Tuesday, October 28, 2008

Galbraith Centenary

One hundred years ago a wise and witty economist, JK Galbraith, was born on the shores of Lake Ontario.

There's a good appreciation of Galbraith by a Black Country Bloke.

In the Affluent Society, Galbraith wrote:
People are the common denominator of progress. So... no improvement is possible with unimproved people, and advance is certain when people are liberated and educated. It would be wrong to dismiss the importance of roads, railroads, power plants, mills, and the other familiar furniture of economic development.... But we are coming to realize... that there is a certain sterility in economic monuments that stand alone in a sea of illiteracy. Conquest of illiteracy comes first".
Read more. Read widely. Read wisely.

Monday, October 27, 2008

Backstage with Obama

Obama prepping to go into the gladiatorial debating chamber!

Propaganda or Political Commercials

Party political broadcasts in the UK have always seemed dull.

Here's a chance to see some really dull political broadcasts from the USA. But some of them have a historical resonance.

Political broadcasting all the way from 1952 to 2008.

Here's one from 1968.

It's an analysis, of sorts, of why Spiro Agnew for Vice-President appeared as unlikely as Sarah Palin.

Sunday, October 19, 2008

Banning Books Is a Bad Thing

This blog holds it to be a self-evident truth that banning books is a bad thing.

If Sarah Palin has her way it could be the hottest thing in town (as hot as Fahrenheit 451).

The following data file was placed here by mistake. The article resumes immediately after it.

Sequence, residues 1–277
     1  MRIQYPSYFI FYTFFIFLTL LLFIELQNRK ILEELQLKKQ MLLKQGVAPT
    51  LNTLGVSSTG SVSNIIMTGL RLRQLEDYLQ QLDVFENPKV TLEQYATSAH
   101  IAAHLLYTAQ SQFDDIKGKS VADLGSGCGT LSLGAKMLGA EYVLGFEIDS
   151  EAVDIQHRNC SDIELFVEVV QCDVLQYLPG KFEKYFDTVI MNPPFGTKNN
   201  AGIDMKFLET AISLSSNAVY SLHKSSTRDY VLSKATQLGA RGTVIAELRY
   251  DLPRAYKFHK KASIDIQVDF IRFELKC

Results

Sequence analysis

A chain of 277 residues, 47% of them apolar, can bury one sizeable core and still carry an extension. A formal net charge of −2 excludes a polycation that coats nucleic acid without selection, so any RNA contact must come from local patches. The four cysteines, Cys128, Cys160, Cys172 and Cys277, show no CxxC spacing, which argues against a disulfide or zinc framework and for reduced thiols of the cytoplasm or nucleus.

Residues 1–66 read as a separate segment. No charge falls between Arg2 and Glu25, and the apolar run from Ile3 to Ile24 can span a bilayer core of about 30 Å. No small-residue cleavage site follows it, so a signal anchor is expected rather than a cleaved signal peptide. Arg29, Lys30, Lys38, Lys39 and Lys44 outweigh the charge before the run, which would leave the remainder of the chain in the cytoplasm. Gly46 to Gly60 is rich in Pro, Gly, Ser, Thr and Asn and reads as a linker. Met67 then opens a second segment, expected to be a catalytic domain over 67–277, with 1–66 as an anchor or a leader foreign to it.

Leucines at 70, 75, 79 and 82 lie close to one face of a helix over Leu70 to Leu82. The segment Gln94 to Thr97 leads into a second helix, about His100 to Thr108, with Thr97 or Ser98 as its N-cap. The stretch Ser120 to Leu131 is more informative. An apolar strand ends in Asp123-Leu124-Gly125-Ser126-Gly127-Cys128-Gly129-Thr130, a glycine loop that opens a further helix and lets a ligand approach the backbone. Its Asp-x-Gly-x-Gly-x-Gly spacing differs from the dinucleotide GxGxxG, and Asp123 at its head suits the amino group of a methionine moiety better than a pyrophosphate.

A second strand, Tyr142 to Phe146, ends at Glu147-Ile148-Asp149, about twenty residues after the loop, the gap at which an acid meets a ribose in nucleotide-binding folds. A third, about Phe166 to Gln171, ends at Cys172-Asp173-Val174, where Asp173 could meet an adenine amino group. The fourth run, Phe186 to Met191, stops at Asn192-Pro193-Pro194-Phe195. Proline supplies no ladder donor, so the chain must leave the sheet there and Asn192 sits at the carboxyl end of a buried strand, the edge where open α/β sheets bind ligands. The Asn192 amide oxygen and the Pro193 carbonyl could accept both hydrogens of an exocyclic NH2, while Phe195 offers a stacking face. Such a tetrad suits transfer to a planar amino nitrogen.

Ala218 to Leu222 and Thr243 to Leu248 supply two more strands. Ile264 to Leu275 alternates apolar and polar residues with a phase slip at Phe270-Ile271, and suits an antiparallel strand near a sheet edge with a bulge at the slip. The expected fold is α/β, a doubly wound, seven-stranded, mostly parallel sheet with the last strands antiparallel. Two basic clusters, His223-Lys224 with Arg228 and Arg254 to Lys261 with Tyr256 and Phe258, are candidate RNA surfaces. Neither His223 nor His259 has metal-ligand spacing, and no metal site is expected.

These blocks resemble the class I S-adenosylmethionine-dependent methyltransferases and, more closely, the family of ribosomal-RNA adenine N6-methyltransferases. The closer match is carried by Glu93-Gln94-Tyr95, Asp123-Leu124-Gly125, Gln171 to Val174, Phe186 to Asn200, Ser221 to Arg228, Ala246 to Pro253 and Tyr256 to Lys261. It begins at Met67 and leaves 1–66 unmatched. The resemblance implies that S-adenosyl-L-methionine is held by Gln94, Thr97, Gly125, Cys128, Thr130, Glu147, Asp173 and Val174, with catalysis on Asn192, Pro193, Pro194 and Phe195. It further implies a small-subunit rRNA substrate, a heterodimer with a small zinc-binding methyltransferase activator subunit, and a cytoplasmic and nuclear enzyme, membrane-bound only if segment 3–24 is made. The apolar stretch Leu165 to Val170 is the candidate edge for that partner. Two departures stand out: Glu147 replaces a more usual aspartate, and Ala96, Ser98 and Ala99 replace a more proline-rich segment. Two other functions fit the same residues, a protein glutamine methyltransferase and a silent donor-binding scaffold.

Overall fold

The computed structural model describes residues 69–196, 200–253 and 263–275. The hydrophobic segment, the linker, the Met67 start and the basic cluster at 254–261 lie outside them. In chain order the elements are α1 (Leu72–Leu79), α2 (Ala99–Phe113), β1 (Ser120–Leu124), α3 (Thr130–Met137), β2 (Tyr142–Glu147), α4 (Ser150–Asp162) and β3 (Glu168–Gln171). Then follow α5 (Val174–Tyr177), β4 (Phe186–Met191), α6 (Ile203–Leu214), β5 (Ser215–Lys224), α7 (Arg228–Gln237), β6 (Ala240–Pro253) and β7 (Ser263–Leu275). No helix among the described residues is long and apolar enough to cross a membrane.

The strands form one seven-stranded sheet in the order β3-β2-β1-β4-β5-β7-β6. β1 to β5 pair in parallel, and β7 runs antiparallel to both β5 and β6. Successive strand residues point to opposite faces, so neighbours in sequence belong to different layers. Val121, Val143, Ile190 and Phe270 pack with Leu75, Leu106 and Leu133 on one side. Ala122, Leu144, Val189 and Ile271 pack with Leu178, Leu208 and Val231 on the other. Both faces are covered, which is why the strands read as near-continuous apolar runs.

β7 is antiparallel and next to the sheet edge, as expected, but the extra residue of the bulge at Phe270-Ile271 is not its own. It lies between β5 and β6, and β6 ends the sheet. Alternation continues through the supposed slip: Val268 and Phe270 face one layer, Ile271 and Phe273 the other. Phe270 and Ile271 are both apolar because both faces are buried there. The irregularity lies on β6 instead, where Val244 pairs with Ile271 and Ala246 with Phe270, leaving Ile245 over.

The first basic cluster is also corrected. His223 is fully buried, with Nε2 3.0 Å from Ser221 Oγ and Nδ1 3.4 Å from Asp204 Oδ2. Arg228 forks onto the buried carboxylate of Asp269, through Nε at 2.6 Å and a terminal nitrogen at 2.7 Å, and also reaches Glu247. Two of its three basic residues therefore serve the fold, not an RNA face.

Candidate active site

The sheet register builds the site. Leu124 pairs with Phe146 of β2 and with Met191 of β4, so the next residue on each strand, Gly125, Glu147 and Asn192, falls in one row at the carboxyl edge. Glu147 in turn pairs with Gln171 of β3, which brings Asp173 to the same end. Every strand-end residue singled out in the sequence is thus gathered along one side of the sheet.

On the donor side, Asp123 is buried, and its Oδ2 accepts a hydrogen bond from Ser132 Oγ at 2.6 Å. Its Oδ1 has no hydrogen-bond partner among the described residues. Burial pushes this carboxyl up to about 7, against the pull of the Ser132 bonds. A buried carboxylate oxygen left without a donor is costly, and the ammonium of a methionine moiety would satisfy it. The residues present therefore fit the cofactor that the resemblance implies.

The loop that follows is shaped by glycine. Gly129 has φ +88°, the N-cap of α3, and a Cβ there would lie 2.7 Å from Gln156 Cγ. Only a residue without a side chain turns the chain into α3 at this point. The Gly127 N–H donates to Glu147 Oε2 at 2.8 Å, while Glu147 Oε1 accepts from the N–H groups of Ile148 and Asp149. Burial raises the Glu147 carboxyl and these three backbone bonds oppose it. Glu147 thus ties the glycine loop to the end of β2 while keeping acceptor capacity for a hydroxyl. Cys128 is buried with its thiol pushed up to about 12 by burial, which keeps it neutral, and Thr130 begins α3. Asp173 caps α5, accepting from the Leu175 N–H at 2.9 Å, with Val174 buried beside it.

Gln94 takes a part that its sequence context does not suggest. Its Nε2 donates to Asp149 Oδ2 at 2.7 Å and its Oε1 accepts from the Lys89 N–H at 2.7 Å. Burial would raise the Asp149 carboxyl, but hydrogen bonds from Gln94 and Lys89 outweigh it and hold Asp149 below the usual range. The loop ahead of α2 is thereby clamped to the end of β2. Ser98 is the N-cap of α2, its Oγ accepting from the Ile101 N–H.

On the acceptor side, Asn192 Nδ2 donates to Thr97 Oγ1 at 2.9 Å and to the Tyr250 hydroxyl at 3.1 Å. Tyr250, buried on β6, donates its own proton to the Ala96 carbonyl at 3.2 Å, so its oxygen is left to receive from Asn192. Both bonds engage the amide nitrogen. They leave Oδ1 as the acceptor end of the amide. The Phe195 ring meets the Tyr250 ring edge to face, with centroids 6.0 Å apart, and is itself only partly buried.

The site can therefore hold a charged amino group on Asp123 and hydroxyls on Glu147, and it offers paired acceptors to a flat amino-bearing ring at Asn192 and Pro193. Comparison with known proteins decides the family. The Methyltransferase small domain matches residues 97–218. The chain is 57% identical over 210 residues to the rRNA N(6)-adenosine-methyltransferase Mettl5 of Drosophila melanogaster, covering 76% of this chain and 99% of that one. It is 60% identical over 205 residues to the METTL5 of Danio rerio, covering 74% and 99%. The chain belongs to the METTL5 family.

Inevitability and Reasons Not To Be Cheerful

Somethings seem so inevitable that they just cannot not happen. Like Wolverhampton Wanderers getting promoted to the Premier League; like Labour winning the election in 1992; like Obama becoming the next President of the United States of America.

Okay, the first two examples are not particularly good ones. Just suppose McCain wins. That'll take one hell of a lot of explaining. The map of the USA will have to be redrawn: red states, blue states and totally racist states. I could see how, if you're a right-wing diehard Republican, you could vote McCain and Palin. If you're not a rabid Republican pitbull then why would you do that? McCain stands for the same old Republican voodoo-economics. Palin stands for a belief in the victory of old certainties and old prejudices. But some of the media coverage, like that coming from Pox News, has been racist, appealing to the worst characteristics of the worst, unprogressive sector of the electorate. For Obama to lose with poll ratings like this would be a death blow to the poll industry.

Anyway, Slate magazine has "A McCain Victory Survival Kit", subtitled "A just-in-case guide for reporters just in case Obama collapses." By Jack Shafer

I'm just waiting for the fat lady to sing.

[Via PooterGeek]


One of Rullsenberg's favourite children's books is The Phantom Tollbooth by Norton Juster (1961).

In the Family supplement to this Saturday's Grundie was a review, by Lucy Mangan, of The Phantom Tollbooth. If you haven't read it, it recounts a tale of a country, the Kingdom of Wisdom, two capital cities Dictionopolis and Digitopolis